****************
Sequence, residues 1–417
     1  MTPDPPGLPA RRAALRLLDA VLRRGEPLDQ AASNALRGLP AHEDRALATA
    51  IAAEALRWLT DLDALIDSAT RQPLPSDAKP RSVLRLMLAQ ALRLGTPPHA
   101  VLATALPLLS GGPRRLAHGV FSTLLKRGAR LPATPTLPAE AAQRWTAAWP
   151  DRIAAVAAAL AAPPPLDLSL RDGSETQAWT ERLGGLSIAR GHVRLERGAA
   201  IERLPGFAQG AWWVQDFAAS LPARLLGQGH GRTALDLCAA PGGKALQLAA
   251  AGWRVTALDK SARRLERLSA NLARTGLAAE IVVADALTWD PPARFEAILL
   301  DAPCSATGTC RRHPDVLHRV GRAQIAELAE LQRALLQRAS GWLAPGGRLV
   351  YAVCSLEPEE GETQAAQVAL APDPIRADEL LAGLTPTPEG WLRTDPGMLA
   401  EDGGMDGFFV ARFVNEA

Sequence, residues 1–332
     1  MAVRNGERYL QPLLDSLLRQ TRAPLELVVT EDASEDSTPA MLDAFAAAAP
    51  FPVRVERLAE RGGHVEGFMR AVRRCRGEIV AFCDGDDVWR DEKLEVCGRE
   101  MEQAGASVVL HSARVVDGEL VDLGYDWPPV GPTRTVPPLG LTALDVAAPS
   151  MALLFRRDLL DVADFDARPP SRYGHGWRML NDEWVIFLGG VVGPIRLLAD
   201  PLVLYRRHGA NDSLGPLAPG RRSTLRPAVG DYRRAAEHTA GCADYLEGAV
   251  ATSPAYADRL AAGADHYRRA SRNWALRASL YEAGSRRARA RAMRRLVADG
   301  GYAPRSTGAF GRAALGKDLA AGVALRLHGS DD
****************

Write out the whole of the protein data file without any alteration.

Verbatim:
Sequence, residues 1–417
     1  MTPDPPGLPA RRAALRLLDA VLRRGEPLDQ AASNALRGLP AHEDRALATA
    51  IAAEALRWLT DLDALIDSAT RQPLPSDAKP RSVLRLMLAQ ALRLGTPPHA
   101  VLATALPLLS GGPRRLAHGV FSTLLKRGAR LPATPTLPAE AAQRWTAAWP
   151  DRIAAVAAAL AAPPPLDLSL RDGSETQAWT ERLGGLSIAR GHVRLERGAA
   201  IERLPGFAQG AWWVQDFAAS LPARLLGQGH GRTALDLCAA PGGKALQLAA
   251  AGWRVTALDK SARRLERLSA NLARTGLAAE IVVADALTWD PPARFEAILL
   301  DAPCSATGTC RRHPDVLHRV GRAQIAELAE LQRALLQRAS GWLAPGGRLV
   351  YAVCSLEPEE GETQAAQVAL APDPIRADEL LAGLTPTPEG WLRTDPGMLA
   401  EDGGMDGFFV ARFVNEA

Sequence, residues 1–332
     1  MAVRNGERYL QPLLDSLLRQ TRAPLELVVT EDASEDSTPA MLDAFAAAAP
    51  FPVRVERLAE RGGHVEGFMR AVRRCRGEIV AFCDGDDVWR DEKLEVCGRE
   101  MEQAGASVVL HSARVVDGEL VDLGYDWPPV GPTRTVPPLG LTALDVAAPS
   151  MALLFRRDLL DVADFDARPP SRYGHGWRML NDEWVIFLGG VVGPIRLLAD
   201  PLVLYRRHGA NDSLGPLAPG RRSTLRPAVG DYRRAAEHTA GCADYLEGAV
   251  ATSPAYADRL AAGADHYRRA SRNWALRASL YEAGSRRARA RAMRRLVADG
   301  GYAPRSTGAF GRAALGKDLA AGVALRLHGS DD